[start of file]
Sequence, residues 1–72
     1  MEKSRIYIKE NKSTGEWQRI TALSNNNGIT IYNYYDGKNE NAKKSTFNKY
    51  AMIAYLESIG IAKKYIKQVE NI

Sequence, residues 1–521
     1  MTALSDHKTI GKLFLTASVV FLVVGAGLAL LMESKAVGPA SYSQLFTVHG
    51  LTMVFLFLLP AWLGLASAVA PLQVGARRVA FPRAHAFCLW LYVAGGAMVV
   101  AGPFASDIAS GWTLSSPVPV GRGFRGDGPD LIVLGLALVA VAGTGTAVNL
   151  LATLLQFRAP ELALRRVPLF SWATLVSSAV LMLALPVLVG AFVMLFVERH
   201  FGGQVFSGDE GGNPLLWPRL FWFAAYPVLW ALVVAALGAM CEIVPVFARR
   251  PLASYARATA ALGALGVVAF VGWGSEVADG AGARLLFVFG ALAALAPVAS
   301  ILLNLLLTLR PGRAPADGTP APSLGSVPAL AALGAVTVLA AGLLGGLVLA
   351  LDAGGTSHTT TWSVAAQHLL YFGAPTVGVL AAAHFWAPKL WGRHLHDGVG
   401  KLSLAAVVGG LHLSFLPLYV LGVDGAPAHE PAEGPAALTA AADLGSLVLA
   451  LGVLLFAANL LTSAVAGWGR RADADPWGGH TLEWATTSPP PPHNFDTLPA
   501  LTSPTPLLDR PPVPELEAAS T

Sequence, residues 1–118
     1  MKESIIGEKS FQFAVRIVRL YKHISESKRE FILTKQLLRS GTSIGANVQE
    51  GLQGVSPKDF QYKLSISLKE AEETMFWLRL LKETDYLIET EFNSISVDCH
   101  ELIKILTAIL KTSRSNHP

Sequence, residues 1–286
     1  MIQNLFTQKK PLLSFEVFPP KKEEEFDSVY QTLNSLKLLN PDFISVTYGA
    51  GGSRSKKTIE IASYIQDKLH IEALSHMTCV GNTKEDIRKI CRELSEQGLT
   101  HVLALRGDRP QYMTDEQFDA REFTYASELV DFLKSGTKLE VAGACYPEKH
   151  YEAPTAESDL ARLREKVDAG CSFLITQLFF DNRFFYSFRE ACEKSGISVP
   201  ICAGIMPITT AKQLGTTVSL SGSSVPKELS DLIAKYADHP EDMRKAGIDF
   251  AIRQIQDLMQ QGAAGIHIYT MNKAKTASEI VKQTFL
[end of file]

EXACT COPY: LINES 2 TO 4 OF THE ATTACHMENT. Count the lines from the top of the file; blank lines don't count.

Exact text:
     1  MEKSRIYIKE NKSTGEWQRI TALSNNNGIT IYNYYDGKNE NAKKSTFNKY
    51  AMIAYLESIG IAKKYIKQVE NI

Sequence, residues 1–521